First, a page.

When regulators contact our organization for cyber incident reporting, matters requiring attention or enforcement action 2 2
Engaged CEO
When the key metrics of cyber are discussed at the board level 7 3
When the cyber and privacy implications of M&A activity are discussed 8 8
When the cyber and privacy implications of a major operating model change are discussed 1 5
Strategic CEO
When the cyber and privacy implications of a new business initiative, whether digital or not, are discussed 6 7
When the cyber and privacy implications of future strategy are discussed 4 4

Question: On which of the following cyber and privacy matters would you/your CEO become personally involved? Rank them in order.
Base: Global CEO respondents: 673; global non-CEO respondents: 2,929
Source: PwC, 2022 Global Digital Trust Insights, October 2021

How much support does the CEO provide CISO leadership?

CEOs matter. CEOs in our “most improved” group (those with the best cybersecurity outcomes over the past two years) of global respondents are 14x more likely to provide significant support across all categories. Similarly, the non-CEOs in the most improved group are 12x more likely to say their CEOs provide that significant boost.

It’s a storyline we’ve also seen in Canada: the CEO’s engagement and support wield long-term importance.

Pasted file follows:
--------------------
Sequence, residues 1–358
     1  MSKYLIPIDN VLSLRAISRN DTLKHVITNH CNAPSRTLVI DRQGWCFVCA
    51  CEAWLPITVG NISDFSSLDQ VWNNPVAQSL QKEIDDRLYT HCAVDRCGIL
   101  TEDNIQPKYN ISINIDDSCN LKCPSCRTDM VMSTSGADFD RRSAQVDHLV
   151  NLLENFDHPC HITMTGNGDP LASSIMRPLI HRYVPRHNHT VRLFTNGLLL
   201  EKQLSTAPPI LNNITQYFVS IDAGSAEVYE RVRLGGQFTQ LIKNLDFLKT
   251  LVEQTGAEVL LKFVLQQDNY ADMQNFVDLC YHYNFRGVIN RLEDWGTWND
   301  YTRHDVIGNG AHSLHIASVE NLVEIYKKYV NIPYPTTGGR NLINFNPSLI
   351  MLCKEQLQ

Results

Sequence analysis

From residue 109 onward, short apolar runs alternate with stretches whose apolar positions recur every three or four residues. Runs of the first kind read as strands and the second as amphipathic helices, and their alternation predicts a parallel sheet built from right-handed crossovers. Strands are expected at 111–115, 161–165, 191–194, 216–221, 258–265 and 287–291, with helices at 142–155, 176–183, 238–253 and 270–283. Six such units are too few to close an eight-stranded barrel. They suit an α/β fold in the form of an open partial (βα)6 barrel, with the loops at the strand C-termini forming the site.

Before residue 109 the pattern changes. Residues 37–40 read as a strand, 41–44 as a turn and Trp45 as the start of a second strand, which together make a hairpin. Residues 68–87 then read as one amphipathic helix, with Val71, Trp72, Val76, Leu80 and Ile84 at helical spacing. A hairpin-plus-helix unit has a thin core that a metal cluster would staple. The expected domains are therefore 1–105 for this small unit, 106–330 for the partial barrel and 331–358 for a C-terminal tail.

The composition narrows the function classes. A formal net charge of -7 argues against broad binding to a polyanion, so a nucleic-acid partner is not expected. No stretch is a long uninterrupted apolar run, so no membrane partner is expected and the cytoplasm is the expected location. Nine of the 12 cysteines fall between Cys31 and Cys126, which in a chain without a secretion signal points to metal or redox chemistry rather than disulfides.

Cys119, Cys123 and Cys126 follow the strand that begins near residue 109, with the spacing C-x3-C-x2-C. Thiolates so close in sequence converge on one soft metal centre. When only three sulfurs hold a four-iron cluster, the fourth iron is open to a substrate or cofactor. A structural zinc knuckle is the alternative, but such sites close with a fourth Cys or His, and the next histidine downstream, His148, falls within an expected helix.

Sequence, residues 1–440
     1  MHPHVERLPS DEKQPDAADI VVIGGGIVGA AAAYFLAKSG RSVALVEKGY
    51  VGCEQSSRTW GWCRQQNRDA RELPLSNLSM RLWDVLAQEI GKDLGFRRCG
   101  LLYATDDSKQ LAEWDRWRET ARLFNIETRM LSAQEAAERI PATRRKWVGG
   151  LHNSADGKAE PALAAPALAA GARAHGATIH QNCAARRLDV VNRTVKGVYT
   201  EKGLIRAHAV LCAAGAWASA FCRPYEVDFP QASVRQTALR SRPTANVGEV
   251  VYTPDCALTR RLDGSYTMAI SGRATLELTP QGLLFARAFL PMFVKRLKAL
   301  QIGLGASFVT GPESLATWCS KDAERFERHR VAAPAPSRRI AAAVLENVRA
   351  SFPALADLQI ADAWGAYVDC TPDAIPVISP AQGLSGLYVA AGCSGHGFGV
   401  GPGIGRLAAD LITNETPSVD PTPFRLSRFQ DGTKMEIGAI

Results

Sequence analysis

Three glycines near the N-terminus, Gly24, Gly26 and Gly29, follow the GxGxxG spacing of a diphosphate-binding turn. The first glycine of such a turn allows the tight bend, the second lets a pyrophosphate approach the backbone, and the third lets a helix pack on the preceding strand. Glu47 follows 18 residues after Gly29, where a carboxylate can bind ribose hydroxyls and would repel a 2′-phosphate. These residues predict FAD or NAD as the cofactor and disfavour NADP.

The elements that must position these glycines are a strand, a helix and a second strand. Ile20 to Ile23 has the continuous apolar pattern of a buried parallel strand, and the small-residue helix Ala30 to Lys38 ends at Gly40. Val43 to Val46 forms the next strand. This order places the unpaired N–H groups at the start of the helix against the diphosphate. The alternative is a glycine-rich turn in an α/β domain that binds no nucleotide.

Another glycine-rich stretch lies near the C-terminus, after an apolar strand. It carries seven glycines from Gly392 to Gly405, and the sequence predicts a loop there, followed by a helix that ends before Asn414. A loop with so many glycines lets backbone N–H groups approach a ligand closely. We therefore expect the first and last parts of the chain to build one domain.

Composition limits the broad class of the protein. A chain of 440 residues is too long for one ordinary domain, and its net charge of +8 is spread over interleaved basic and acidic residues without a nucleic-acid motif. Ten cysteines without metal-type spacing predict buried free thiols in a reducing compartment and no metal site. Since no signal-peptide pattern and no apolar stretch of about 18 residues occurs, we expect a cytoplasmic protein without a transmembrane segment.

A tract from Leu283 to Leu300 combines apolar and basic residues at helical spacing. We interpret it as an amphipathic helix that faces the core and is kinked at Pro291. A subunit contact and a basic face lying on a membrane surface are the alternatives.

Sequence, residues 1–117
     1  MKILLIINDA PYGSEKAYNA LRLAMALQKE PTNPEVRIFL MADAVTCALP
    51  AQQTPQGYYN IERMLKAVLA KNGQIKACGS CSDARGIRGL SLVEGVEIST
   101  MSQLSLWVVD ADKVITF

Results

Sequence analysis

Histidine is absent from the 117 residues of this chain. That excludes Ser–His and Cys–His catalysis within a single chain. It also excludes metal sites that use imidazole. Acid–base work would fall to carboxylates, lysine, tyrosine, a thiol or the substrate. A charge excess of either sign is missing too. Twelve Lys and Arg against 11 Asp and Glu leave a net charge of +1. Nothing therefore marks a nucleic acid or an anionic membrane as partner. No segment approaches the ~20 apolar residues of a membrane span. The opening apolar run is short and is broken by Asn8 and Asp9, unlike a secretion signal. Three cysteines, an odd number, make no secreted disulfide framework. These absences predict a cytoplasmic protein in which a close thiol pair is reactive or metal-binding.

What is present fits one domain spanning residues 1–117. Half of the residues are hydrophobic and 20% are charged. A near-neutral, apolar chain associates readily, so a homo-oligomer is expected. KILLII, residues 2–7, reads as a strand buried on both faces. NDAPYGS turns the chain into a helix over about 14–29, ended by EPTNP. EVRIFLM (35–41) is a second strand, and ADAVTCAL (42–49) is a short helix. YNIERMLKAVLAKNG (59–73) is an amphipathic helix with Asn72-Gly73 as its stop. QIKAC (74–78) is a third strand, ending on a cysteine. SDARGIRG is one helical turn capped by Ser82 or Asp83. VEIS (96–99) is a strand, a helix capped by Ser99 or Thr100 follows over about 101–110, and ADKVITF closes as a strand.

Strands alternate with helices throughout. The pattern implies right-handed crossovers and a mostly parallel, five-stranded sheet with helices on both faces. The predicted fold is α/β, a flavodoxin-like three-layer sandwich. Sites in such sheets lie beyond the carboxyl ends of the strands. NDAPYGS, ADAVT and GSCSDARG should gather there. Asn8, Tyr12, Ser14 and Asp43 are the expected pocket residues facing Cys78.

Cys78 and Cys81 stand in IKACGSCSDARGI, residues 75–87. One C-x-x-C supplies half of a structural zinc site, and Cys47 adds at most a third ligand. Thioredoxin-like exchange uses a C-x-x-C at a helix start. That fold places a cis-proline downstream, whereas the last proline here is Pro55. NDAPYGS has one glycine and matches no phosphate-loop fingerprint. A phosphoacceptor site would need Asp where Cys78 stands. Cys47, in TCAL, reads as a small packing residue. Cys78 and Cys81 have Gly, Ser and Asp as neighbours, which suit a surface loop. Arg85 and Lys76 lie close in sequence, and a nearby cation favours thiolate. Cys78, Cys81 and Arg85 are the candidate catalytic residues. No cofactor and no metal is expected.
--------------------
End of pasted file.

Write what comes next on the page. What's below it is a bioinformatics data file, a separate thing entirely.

Globally, executives in most regions and industries say the most important act for a more secure digital society by 2030 is educating CEOs and boards so they can better fulfill their cyber duties and responsibilities. We believe this to be true for Canada as well.

It’s time to close the expectations gap between the chief executives and the others in the C-suite regarding the level of CEO involvement and support of cybersecurity. Things seem to be headed in the right direction. Interactions with the CEO on cyber matters have increased significantly in the past two years, according to 46% of our global survey respondents.

Global CEOs believe they give “significant” cyber support, but only 3 in 10 global executives agree


Ensure adequate resources and funding, and sufficient priority
Connect with confidence with customers and business partners
Embed cyber and privacy in key operations and decisions of the organization
Reduce uncertainty around arising cyber risks for investors
Inspire the security team and increase their professional satisfaction
Clarify roles and responsibilities for cross-functional teaming on cyber
Create a cyber-proficient culture throughout the organization
Clarify positions when there are tensions and conflicts among competing values

Question: What level of support do you/does your CEO provide your cyber leadership to accomplish the following?
Base: Global CEO respondents: 673; global non-CEO respondents: 2,929
Source: PwC, 2022 Global Digital Trust Insights, October 2021

CEOs and other executives agree on the changing cyber mission

When asked how CEOs frame the cyber mission in their organization, more than half (54%) of the CEOs globally chose bigger-picture, growth-related objectives from their security team, as opposed to narrower, shorter-term expectations. And we know Canadian CEOs feel the same way: in our most recent CEO Survey—Canadian insights, they identified cyber as the top threat to growth, even ahead of the pandemic.